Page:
Frederick Loewe Theater, named for the composer of Camelot and
Brigadoon; the lobby features a Musical Theater Hall of Fame.
31 (corner): Campus Eatery
25: NYU's Student Life Center
15 (corner): Bottom Line, music club
driven out of business by NYU's rents.
Some of Bruce Springsteen's first shows were here.
14 (corner): Dojo's, very affordable Asian-y
diner, is on the ground floor of an eclectic 1890s building.
6: Pamela's Bake Shop
693 (corner): Merchants Building has Bath & Bodyworks
on ground floor. Note scary owls on 4th floor.
1 (block): Hebrew Union College's
Brookdale Center houses the Jewish Institute of Religion. Built
1979; replaced No. 11, the location of
Gerde's Folk City, a major folk venue, in its prime years (1956-69).
Dylan played here April 1961, his first paid gig; Simon and Garfunkel also debuted here.
As a mob of 5,000 marched down Broadway during the
1863 Draft Riots,
facing some 200 police officers blocking their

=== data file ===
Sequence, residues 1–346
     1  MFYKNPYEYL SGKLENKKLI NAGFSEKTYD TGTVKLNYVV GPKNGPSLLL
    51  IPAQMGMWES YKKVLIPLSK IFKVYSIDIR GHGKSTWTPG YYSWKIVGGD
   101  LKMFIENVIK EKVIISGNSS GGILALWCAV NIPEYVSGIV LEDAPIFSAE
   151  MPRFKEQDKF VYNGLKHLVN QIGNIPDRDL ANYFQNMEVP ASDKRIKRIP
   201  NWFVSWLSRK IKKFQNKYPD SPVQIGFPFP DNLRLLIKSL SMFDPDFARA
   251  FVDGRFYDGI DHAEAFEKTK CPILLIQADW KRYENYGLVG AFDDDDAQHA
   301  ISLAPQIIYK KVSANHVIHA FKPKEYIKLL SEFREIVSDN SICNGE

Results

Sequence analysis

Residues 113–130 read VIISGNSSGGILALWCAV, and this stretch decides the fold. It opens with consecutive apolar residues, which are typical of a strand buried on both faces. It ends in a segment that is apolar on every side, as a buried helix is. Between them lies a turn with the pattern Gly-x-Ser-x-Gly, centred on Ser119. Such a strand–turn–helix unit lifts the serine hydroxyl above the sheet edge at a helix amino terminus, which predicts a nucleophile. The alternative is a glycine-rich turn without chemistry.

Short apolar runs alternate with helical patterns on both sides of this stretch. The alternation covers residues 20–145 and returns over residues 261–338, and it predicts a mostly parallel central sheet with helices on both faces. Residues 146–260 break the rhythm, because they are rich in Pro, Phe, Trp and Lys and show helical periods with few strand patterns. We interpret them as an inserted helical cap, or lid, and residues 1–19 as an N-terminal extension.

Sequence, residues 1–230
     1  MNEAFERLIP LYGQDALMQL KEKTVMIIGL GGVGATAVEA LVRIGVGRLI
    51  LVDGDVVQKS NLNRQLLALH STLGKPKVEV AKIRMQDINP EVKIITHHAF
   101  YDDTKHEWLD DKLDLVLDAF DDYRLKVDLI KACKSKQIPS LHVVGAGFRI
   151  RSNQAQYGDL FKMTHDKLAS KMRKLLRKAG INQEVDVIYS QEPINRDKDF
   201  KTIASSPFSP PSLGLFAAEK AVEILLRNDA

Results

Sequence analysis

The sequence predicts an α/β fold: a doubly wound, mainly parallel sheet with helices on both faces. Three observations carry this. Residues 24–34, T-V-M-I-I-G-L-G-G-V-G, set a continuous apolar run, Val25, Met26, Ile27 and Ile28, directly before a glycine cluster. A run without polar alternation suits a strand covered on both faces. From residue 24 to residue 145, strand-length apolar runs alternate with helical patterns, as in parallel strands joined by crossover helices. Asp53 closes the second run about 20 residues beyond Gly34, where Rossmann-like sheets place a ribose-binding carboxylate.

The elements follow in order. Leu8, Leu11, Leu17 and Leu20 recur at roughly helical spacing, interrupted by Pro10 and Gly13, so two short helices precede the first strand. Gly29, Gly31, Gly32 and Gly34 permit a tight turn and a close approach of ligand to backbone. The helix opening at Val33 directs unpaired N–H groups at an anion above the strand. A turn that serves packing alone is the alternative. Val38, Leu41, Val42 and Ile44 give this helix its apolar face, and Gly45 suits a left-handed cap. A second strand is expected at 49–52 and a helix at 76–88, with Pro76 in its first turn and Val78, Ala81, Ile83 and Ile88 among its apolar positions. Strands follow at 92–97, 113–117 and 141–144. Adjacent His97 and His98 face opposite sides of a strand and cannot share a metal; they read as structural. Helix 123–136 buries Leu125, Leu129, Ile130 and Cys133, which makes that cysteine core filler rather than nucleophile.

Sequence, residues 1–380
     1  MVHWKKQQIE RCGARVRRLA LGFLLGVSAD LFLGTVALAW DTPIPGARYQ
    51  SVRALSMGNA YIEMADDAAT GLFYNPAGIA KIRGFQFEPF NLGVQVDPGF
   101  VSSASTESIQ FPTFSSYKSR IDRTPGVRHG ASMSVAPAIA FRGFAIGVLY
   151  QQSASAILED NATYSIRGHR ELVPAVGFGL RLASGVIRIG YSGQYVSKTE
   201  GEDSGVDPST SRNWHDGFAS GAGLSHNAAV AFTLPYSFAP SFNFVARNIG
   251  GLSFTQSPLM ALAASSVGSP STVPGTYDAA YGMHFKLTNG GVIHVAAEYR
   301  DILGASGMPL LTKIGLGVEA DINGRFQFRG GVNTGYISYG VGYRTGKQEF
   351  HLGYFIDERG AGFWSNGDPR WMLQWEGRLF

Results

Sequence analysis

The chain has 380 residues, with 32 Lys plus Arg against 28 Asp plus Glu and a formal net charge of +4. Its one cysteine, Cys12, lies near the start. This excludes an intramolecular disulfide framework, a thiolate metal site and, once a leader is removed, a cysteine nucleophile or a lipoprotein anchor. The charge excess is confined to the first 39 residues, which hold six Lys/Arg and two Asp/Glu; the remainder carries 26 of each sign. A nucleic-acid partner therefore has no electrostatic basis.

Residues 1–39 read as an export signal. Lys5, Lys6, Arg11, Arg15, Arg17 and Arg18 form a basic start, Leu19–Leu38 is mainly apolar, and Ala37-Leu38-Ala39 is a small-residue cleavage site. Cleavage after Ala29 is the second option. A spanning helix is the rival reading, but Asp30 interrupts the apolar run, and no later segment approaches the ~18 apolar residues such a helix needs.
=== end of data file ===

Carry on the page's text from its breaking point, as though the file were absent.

path at Bleecker, other officers attacked the column
from both sides at 4th Street, dispersing the crowd
Above what used to be Tower Records is a luxury residential
building that has been home to Cher, Rob Lowe, Tom
Cruise and Nicole Kidman,
Keith Richards, Britney Spears and other celebs.
The east end of the former Tower is Will Smith's one-customer video
store in I Am Legend.
1 (corner): French Connection UK and and Aldo shoes
are on the ground floor of the
Audubon Building, HQ of the environmental society;
building supposed to be model of energy efficiency. Was the Schermerhorn Building.
Other Music was originally an alternative
to Tower, but now is the neighborhood's record store.
Corner (400 Lafayette): 1888 loft building